Like most small businesses, you probably can’t self-insure (pay for losses out of pocket) because you can’t afford the risk for substantial financial exposure. You need insurance. But you may not have the type or amount of coverage that is necessary for your protection at this time. Most small business owners routinely renew policies year after year without thinking about how changes in their business affect their risk exposure and coverage needs. Here are some areas to reexamine before you automatically renew as well as other areas for which new coverage may be needed.
If you have a vehicle used 100% for business, such as a truck or van, likely you have a commercial policy. Just check on the extent of coverage that’s currently on the policy when you renew.
But if you use your personal vehicle for business driving (not counting commuting which is personal) and have a personal policy, rethink your coverage. The personal policy on your vehicle may not cover you if you get into an accident when driving for business. You might have to pay out of pocket for damages to your vehicle, as well as injuries—personal and property—to a third party.
If business driving is only occasional, your personal policy may be fine. But if you use the vehicle primarily for business (driving to customers, worksites, or between multiple work locations; hauling tools and equipment; making deliveries; driving by “nonlisted drivers” such as employees), get a commercial policy—even though it may cost more.
Do you provide coverage for your staff? Do you have coverage for yourself and your family? Here are some points to keep in mind:
- Watch enrollment deadlines for coverage in 2018. Currently, open enrollment for individual coverage runs from November 1, 2017, through December 15, 2017 (it may be later for certain state-run plans). For those already enrolled in Medicare, the annual enrollment period to change coverage for 2018 runs from October 15, 2017, through December 7, 2017).
- There is a new health care option for small employers (fewer than 50 full-time and full-time equivalent employees) that do not have a health plan, called a qualified small employer health reimbursement arrangement (QSEHRA). This allows a small employer to reimburse employees for their individually-obtained coverage up to a set dollar limit (in 2017 it’s $4, 950 for self-only coverage or $10, 000 for family coverage, prorated for part-year coverage). Thus, you can help employees pay for their coverage on a tax-free basis; your payments aren’t subject to payroll taxes.
You probably know that businesses in every state are required to provide this coverage to employees (including family members), although the rules and the cost vary from state to state. (NFIB offers a state by state comparison* of workers’ compensation laws.)
What you might not know, and may want to consider, is the option to cover yourself if you’re self-employed. Sole proprietors, partners, and limited liability company members who aren’t employees are usually not covered by workers’ compensation; state law may allow them to opt in. This may make sense if you’re in a trade or other business where injuries are common.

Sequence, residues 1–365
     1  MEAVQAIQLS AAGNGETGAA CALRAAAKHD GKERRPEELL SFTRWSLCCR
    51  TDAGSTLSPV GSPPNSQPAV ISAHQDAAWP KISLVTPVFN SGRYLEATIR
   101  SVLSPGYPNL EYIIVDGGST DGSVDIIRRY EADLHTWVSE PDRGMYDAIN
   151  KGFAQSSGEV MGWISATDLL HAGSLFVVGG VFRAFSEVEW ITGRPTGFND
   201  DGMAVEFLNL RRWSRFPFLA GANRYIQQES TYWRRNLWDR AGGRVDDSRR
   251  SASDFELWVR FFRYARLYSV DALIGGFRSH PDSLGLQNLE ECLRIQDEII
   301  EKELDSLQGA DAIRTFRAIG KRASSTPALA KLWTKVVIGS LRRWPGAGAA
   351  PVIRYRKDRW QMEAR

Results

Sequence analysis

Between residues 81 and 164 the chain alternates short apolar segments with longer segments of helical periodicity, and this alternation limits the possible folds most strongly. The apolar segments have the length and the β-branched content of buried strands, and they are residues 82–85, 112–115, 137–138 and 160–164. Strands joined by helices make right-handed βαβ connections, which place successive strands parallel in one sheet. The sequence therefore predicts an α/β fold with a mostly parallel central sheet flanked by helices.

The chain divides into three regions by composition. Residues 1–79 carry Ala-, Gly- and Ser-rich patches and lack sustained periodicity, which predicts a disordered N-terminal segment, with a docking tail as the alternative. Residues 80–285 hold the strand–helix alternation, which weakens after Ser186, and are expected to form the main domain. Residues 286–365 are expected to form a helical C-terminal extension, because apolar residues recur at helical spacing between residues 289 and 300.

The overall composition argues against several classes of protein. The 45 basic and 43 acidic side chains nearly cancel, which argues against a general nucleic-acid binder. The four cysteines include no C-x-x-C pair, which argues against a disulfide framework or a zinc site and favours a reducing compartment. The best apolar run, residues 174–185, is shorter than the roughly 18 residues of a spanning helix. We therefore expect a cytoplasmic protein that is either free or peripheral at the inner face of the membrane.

Basic business owner’s policy
A business owner’s policy (BOP) provides coverage for your property (equipment, inventory) and liability coverage (for injuries to third parties). When your policy comes up for renewal:
- Determine the level of coverage you require now. If you’ve added expensive machinery, for example, you may want to increase your coverage.
- Shop around. There are many terms and conditions in each policy (such as deductibles and exclusions), and these can affect cost. Compare coverage under different policies to see whether you’re (1) getting the coverage you expect and (2) paying the best price for the coverage you need.
Depending on the nature of your work, be sure that the policy is tailored to your needs. For example, an Artisan and Service Contractors Policy covers the unique risks of tradespeople who perform their services at customer locations. Also consider adding coverage to any BOP for data breaches, which provides funds for notifying and indemnifying customers and employees who are victimized when your company is hacked.
A BOP does not cover flood damage, so depending on your location, you may need separate flood insurance. This is available through the National Flood Insurance Program.
The types of insurance discussed earlier aren’t the only policies you may want or need. Some other examples:
- Business interruption insurance. This helps you pay your bills if a storm or other event closes down your facility. Depending on the policy, it may also cover some lost profits.
- Errors and omissions coverage. This usually is for professionals (“malpractice coverage”) to provide protection against errors and negligence in the performance of services.
- Product liability insurance. If you are a manufacturer, wholesaler, or distributor, you may want coverage in case your products cause injury to others.
Making insurance decisions may come down to cost: you may want it but can you afford it (or afford not to have it)? You can buy coverage online or through an insurance agent (a person who typically represents one company) or an insurance broker (who represents multiple insurance companies and can provide you with a formal review of your risk exposure and potential solutions). Whether you decide to work with a broker, who is paid a percentage of the premiums so it doesn’t cost you anything, depends on how much time you have to do your own legwork and how knowledgeable you are about insurance.
*Links to non-government web site